"Lie to me, Max," Alec began, "and tell me everything is alright." They were standing at opposite ends of her kitchen, arguing again. He knew she was about to cry by the sheer fact she could no longer look him in the eye.
He was tired of and worried by her nonchalant behavior and cold shoulder conversations. If there was anyone who could come remotely close to understanding her, it had to be Alec. Hell, he'd spent the last two years in Seattle being chased around by Manticore alum and White and the familiars, and dodging smacks to the back of his head because of her.
Every day since the murder, she'd come to work completely closed off. Even Normal was surprised when she showed the day after, and though very understanding, commented on her lack of sassy remarks.
And every day, every time Alec tried to talk to her alone, or ask after her, she'd say everything was alright.
Max realized that's all she'd been doing – lying to Alec. But she had her reasons – denial, mostly. If she didn't recognize it, it must not be real, right? Wasn't she a soldier, meant to compartmentalize stuff like this? No continual dosage of therapy or Psy-Ops could erase those pleading eyes, begging her to intervene and stop White.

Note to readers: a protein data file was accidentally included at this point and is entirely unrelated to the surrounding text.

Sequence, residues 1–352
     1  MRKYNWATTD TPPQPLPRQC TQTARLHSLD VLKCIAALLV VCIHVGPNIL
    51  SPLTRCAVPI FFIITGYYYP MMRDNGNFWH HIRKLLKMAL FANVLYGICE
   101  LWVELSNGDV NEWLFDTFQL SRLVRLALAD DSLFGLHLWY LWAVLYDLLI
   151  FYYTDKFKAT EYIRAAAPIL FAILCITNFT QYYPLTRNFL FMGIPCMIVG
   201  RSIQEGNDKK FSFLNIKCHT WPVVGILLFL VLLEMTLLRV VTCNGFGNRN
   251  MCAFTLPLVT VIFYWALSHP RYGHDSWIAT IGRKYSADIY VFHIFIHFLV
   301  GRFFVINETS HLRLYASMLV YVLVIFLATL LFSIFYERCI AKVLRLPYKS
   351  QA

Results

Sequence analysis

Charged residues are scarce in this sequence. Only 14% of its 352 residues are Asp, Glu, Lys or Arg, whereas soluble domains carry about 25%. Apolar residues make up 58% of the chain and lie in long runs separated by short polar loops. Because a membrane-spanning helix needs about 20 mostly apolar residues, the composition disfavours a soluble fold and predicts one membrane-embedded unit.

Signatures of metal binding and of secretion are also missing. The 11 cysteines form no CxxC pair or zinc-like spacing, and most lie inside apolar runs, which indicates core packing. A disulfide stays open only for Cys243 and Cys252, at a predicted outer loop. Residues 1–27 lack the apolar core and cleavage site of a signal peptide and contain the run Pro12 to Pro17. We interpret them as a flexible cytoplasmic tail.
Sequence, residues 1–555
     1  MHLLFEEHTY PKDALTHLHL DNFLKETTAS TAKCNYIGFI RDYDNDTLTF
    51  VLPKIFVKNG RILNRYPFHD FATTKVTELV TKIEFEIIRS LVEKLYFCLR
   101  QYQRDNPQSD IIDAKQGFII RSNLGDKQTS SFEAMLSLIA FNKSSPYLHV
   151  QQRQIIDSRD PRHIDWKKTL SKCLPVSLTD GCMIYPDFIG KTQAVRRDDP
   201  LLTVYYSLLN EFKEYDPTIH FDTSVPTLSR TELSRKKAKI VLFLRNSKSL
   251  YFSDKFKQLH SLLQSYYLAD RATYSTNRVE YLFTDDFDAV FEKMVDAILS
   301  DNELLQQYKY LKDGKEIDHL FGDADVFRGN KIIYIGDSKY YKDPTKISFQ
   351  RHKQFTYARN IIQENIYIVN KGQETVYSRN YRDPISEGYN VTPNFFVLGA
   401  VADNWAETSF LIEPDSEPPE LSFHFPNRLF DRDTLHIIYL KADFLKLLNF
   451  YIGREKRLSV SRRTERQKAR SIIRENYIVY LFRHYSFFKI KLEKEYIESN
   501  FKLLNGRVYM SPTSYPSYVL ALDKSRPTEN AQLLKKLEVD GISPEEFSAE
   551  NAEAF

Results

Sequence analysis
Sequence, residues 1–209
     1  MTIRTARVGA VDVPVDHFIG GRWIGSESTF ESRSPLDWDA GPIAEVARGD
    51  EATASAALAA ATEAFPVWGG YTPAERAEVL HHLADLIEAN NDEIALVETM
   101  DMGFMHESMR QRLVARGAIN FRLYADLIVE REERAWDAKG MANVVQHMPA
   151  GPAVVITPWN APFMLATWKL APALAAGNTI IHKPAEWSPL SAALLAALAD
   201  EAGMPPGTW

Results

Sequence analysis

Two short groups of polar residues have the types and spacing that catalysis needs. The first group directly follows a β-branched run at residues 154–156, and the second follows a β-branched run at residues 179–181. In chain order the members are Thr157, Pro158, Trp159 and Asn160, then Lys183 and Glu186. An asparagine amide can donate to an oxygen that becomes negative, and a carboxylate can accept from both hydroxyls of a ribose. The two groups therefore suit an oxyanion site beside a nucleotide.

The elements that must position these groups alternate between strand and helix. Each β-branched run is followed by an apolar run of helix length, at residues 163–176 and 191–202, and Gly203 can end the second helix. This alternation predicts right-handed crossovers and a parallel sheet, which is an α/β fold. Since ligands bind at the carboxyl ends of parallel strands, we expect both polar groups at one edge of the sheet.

It had already been a week of riding alone, sticking to alleys and back streets so she could run the evens over in her mind, choosing a different action and end result each time. She was tired of holding it all in, and tired of feeling alone – feeling this alone. She no longer cared who saw her cry. She looked up to Alec, one tear breaking the dam and creating a path down her cheek.
"That's what I thought," Alec said, bridging the gap between them and embracing her in a one-sided hug. They sank to the floor, Max breaking down on the way, and she allowed him to hold her, even though she lost all energy and felt like a ragdoll.
She cried hard, at the end of which Alec picked her up and deposited her into her bed. He turned toward the door.
"Please don't leave," she said drearily, and with a look in her eyes that suggested she would unravel without him.
Alec turned to her, a softness developing in his eyes. He took off his boots and jacket, leaving them by her nightstand. He then positioned himself on her bed, sitting against the headboard, and invited her to lay her head on his chest. He wrapped one arm carefully around her, as if she could break any further, and swept her hair from her puffy face.
"I'm sorry Original Cindy's gone."